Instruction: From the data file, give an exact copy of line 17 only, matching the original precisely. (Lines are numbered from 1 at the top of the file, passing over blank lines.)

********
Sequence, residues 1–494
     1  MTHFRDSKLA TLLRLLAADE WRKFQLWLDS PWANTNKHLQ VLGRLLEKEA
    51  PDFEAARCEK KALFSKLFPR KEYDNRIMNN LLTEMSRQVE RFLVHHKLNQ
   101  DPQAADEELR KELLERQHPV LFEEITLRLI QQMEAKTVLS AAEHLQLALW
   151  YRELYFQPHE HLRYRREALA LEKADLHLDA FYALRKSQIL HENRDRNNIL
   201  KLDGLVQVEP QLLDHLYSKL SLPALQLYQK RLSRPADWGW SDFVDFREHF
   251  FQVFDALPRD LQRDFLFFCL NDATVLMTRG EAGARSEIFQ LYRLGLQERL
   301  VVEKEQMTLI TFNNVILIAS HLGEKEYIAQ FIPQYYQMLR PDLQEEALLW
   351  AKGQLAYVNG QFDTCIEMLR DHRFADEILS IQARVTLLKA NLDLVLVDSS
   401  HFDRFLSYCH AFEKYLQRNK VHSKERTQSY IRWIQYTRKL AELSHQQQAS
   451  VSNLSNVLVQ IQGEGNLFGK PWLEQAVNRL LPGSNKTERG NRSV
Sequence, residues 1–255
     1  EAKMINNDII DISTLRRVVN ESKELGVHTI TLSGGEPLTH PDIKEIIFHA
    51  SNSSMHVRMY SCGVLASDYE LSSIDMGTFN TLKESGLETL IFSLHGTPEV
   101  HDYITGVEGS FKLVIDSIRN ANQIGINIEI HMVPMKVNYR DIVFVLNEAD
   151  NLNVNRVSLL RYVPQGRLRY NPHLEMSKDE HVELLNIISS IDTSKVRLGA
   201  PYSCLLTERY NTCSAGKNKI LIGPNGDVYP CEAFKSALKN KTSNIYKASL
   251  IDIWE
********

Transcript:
   201  PYSCLLTERY NTCSAGKNKI LIGPNGDVYP CEAFKSALKN KTSNIYKASL